Time to dust off those knitting needles and crochet hooks and rediscover a forgotten skill.
Watch this space for news of a knitting bee in The Stables later in the year!
Following the successful local history night last summer, organised by the John Grey Centre Archives Department, local resident Tim Flinn suggested that Irene Anderson‘s book ‘Garvald, the history of an East Lothian Parish‘ could be digitised for archiving purposes and perhaps reformatted to make it easier to read. Heidi Ingram agreed this was a great idea, as there are few surviving copies of the printed book and the text may be of interest to village residents who haven’t seen it before. Due to the tiny print in the original book not being great for word scanning software, she dictated the work into digital format and scanned in Irene’s illustrations. She used these to produce a revised and updated second edition, including recent local projects and information from the 2011 Census. This edition has been published in her memory, knowing that she would have been delighted that her extensive and important research lives on and has been archived for posterity. Her sister has been sent information about the project. It is formatted primarily for online reading (but has been set to A5 page size so that it could be printed with two pages per A4 sheet). It can be found on the History of Garvald page.
Received a message from Bill Anderson which may be of interest to you all… Hoping he’ll send on some more historical photos to go on the website Gallery.
I have just found your web site and thought I would get in touch, our dad was John Anderson who was headmaster of the two teacher Garvald Primary through the 1950’s until the late 1960’s, when we moved to Rosewell. I was brought up in Garvald at the school house from 1953 until 1968 and it was a wonderful place to grow up in at that time of innocence. Sadly our dad passed away in September 2015 at the grand age of 96 and my twin brother may have some photos of Garvald school that may be of interest to you.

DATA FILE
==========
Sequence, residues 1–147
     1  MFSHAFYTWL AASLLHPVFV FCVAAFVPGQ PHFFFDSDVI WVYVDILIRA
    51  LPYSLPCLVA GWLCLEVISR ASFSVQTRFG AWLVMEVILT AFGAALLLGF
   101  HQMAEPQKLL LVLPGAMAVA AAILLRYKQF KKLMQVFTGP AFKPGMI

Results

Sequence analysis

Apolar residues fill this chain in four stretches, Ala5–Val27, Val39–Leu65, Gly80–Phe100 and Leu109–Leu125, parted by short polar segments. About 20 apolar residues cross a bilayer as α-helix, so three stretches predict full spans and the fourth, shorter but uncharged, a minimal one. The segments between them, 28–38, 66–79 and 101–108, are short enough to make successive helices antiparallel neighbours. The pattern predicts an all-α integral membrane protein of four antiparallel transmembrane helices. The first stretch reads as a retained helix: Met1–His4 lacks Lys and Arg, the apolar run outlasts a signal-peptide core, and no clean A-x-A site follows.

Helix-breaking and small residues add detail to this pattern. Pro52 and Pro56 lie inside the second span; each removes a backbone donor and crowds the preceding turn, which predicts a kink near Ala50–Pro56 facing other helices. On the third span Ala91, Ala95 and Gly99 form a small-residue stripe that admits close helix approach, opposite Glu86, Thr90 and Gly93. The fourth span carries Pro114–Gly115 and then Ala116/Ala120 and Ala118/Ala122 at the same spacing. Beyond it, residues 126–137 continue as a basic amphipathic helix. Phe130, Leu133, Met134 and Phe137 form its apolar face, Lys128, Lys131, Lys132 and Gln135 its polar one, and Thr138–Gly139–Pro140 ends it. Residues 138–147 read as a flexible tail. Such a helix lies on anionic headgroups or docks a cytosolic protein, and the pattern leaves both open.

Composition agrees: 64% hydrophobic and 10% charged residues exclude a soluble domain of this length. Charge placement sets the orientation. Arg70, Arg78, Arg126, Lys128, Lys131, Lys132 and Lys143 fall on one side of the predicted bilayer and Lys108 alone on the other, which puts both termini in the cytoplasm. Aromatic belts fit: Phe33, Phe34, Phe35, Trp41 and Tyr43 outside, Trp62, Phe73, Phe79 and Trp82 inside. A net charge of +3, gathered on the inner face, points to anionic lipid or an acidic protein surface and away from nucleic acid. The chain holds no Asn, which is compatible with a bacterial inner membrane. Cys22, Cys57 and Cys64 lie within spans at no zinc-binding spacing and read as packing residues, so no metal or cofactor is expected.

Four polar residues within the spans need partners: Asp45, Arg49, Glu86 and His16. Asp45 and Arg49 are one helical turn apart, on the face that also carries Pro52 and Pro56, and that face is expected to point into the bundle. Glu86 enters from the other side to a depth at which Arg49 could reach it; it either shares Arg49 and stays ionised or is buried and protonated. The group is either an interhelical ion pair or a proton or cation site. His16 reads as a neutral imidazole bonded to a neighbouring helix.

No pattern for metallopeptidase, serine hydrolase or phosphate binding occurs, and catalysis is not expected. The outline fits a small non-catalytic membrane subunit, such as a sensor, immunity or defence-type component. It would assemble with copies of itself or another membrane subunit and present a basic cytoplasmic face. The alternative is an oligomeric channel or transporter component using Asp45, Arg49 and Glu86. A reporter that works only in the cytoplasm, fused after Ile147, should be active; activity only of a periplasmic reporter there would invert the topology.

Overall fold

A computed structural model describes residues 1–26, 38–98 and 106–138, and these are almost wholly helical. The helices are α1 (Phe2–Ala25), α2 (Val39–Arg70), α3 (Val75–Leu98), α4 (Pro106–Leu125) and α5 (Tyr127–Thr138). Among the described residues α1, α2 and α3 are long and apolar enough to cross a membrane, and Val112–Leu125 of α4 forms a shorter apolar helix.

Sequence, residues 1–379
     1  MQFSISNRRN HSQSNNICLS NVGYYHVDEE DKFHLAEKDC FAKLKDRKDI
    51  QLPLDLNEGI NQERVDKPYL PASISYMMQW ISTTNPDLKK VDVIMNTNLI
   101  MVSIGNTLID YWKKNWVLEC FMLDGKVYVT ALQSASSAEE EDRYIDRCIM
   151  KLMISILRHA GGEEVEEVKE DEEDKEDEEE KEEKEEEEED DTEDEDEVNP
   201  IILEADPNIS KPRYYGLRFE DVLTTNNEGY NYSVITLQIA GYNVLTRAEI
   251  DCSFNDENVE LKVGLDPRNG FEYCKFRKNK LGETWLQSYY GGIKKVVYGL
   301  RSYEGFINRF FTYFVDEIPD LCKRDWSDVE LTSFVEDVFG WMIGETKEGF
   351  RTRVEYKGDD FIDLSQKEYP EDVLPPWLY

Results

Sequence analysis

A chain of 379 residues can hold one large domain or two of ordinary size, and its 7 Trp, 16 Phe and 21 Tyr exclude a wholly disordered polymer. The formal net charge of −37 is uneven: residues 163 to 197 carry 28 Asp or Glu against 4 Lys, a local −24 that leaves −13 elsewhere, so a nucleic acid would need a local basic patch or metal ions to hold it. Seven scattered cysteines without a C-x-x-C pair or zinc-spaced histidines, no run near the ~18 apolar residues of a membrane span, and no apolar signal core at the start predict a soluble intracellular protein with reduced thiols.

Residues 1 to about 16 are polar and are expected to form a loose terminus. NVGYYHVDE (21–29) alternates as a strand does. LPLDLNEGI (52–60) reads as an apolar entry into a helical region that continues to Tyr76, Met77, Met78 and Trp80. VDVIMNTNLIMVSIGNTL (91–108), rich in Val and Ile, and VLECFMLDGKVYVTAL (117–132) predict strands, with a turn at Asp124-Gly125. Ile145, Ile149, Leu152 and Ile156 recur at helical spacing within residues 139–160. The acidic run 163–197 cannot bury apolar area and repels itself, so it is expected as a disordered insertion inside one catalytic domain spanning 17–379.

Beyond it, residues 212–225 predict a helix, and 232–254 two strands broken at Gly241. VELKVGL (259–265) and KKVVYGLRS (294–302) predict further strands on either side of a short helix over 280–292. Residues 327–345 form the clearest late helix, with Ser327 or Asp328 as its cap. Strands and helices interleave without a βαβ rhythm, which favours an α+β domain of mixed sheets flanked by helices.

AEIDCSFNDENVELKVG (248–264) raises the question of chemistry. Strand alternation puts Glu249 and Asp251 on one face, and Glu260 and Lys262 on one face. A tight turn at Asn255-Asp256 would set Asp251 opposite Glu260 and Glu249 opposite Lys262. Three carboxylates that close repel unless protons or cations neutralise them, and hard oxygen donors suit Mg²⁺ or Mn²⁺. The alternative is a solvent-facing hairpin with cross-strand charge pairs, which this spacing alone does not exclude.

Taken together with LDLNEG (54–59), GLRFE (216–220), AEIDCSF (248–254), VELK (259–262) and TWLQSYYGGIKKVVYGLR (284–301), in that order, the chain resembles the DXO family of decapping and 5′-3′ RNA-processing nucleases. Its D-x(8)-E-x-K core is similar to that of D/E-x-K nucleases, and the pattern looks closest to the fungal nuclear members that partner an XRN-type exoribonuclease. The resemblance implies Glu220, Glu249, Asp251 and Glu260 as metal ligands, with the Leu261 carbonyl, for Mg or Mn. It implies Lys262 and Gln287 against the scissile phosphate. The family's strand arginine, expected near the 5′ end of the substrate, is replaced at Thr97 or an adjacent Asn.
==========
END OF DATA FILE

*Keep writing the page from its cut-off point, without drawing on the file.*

My name is Roslyn Lang, my Grandmother was Mary Gray, her Parents were Robert & Margaret Gray and she lived in Garvald till approx. 1908. She travelled to Sydney, Aust. and later met and married Robert Scott Stewart, who was from Helensburgh, Scotland. They had one child, my father, who was also Robert Scott Stewart. If anyone has any information about Mary Gray I would appreciate it. I would like to know her family’s address in Garvald if that is possible. I intend to come back to Garvald again & would like to know where she lived.
Thanking you, Roslyn Lang
Thanks to staff at the John Grey Centre, Haddington, we have now added lots more photos to our collection of historical photographs of the village. Take a look in the Historical Photos Gallery.
A message from Lynn Samuels of New Zealand:
Hi, I remember coming out to the farm where my Uncle Johnny and Auntie Cath Laing were living. Uncle Johnny was Grieve for the Youngers, followed by his son John, married to May. It would be great if members of the family wanted to get in contact. I have a Highland cattle fold in Dunedin New Zealand and would love to hear from anyone that wants to get in touch.
Best wishes, Lynn.